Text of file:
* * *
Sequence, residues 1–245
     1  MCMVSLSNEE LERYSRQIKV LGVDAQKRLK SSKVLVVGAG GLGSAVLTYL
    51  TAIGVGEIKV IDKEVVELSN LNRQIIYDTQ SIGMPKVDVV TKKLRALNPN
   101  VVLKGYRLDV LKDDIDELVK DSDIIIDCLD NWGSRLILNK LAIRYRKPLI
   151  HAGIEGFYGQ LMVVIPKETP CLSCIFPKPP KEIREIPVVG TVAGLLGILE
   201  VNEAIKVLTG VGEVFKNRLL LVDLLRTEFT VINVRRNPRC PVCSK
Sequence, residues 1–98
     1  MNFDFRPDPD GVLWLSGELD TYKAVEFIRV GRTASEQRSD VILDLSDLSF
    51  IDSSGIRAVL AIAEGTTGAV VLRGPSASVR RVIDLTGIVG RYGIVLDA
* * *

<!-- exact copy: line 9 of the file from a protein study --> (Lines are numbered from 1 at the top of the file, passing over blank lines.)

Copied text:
    51  IDSSGIRAVL AIAEGTTGAV VLRGPSASVR RVIDLTGIVG RYGIVLDA